The Effects of Printed Lattice Cell Structure Superstrates on Printed Patch Antennas

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Publication Date



91437783 (Orcid)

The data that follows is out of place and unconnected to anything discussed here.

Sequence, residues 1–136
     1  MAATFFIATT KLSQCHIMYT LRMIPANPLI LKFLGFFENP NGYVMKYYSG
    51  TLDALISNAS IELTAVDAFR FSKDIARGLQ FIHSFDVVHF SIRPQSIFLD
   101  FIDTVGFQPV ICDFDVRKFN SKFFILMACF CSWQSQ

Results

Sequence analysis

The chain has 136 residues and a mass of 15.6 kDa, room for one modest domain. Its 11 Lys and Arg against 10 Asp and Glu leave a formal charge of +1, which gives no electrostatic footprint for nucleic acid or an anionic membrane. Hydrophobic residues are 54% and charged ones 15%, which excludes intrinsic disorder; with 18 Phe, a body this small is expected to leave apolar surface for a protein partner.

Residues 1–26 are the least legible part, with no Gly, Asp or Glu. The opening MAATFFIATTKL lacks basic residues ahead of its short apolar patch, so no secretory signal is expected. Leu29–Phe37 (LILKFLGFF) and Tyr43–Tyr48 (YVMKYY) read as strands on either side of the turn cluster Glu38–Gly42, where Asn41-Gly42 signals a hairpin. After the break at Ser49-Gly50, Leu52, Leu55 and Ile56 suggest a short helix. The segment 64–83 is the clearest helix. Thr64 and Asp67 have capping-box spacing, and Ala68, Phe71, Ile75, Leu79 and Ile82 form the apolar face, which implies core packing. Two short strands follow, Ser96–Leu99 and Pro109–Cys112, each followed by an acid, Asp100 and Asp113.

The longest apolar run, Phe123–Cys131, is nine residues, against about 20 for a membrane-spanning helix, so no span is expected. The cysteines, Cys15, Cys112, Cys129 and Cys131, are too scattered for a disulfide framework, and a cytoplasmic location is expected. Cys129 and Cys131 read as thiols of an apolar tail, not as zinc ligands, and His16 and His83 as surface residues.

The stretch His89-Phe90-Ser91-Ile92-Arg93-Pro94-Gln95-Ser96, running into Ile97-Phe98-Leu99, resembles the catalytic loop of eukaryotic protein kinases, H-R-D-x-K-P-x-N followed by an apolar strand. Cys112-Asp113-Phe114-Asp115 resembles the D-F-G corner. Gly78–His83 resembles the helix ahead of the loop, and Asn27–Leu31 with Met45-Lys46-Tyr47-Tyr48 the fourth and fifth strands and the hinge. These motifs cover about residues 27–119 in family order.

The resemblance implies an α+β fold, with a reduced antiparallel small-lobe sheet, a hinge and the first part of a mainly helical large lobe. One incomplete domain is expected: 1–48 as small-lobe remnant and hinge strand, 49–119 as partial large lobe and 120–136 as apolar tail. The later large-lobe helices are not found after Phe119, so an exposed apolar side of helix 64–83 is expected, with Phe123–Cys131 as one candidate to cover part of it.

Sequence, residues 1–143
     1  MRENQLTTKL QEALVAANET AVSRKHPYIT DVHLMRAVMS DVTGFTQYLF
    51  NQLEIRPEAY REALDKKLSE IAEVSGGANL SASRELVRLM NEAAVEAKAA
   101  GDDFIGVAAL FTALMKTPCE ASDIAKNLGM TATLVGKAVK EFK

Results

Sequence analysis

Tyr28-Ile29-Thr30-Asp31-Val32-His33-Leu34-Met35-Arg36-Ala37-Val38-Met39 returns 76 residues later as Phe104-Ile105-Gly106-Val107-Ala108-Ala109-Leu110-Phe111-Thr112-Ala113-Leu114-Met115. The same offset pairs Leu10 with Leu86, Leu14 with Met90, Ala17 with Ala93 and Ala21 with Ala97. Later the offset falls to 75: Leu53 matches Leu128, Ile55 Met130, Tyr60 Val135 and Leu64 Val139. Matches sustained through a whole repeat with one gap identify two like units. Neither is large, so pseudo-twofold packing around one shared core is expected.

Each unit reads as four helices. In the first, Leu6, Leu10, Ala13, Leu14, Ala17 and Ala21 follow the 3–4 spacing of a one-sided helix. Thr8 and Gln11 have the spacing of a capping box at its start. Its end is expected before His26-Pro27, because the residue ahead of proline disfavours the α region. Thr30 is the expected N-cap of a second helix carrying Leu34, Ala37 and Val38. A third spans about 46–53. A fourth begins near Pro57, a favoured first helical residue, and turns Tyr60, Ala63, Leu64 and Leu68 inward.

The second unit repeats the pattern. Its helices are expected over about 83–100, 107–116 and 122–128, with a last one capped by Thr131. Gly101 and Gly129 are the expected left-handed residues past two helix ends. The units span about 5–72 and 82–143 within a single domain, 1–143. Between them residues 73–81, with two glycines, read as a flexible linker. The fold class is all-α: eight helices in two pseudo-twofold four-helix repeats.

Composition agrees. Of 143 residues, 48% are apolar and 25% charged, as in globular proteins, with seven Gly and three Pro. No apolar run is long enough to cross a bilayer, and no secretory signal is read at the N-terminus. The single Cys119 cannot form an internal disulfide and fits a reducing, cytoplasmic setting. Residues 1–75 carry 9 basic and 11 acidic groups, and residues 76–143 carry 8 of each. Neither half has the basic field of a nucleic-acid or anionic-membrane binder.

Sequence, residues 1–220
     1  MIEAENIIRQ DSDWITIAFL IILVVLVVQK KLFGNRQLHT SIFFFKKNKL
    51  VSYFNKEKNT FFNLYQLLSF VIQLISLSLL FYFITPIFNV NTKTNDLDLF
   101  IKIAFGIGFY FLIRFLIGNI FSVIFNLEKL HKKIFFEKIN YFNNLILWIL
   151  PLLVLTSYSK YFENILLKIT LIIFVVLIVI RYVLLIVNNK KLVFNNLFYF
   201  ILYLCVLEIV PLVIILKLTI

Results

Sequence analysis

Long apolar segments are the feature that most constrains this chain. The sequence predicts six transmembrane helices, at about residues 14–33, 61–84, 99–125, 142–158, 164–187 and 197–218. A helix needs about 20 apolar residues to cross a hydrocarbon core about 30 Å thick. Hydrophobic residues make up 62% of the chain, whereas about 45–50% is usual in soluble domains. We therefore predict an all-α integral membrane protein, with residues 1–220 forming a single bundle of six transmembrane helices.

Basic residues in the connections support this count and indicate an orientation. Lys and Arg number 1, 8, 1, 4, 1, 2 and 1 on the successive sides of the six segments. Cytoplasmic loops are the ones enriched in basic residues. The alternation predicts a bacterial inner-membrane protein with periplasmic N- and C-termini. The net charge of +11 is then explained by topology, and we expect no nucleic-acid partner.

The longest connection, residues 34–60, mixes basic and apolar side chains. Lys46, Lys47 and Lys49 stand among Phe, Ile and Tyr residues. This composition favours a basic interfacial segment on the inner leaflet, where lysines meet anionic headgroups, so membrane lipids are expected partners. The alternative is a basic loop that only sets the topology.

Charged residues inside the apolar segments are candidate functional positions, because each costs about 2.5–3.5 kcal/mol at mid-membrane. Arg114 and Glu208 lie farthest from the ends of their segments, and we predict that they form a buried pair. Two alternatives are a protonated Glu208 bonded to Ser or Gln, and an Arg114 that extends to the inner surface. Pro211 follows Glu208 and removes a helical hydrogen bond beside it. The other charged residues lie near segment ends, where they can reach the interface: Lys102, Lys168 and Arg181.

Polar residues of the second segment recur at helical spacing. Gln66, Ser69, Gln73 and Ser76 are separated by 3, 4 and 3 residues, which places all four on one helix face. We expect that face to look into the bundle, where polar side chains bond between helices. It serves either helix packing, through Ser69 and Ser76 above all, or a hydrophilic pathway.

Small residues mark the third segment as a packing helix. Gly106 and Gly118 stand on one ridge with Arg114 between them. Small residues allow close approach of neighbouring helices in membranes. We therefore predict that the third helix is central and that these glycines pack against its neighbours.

This work demonstrates a fully printed patch antenna consisting of a three‐dimensional (3D) printed Ultem 9085 substrate and a 3D printed body‐centered cubic lattice cell structure (LCS) superstrate made of Verowhite Plus. The radiating patch was fabricated by manual screen‐printing method using commercially available silver pastes. The superstrate was affixed to the top of the patch to mitigate shock‐induced damage to the patch. The antenna, which operates close to 5 GHz (an alternative frequency band to 2.4 GHz for data link applications) was designed as a test platform to quantify the effects of a printed superstrate on the resonant frequency and bandwidth. The addition of the superstrate shifted the resonant frequency by 0.1 GHz; and while this is not insignificant it still provides a promising strategy for adding vibration mitigation to radio frequency (RF) structures. Further, it was used to assess a less computationally expensive scheme for modeling of RF antennas involving cellular structures. In this scheme, the LCS superstrate is treated as a solid with dielectric properties that resemble that of a porous medium. Comparisons of measured and simulated S11 before and after adding the LCS superstrate revealed that the scheme yields results that are in good agreement with the experiment. Results from this work can provide guidance in the fabrication of low‐cost fully printed patch antennas with LCS superstrate for specific frequency application.



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